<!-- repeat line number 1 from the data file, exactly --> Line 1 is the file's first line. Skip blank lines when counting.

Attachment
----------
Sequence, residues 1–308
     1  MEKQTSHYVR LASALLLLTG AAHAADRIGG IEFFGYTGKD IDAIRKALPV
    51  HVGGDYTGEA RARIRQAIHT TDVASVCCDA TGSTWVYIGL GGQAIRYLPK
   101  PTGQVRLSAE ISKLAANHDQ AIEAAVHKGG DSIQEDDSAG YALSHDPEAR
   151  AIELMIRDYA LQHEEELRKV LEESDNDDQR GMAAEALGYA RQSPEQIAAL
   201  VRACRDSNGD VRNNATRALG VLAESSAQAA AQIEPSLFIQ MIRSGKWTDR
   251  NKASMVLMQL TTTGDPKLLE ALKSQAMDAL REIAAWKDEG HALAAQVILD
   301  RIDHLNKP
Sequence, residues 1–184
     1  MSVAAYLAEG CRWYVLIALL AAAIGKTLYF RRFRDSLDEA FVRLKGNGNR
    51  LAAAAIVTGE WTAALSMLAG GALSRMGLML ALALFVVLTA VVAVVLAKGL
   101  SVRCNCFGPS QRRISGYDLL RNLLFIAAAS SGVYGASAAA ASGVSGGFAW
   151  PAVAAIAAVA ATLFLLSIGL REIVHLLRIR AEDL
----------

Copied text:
Sequence, residues 1–308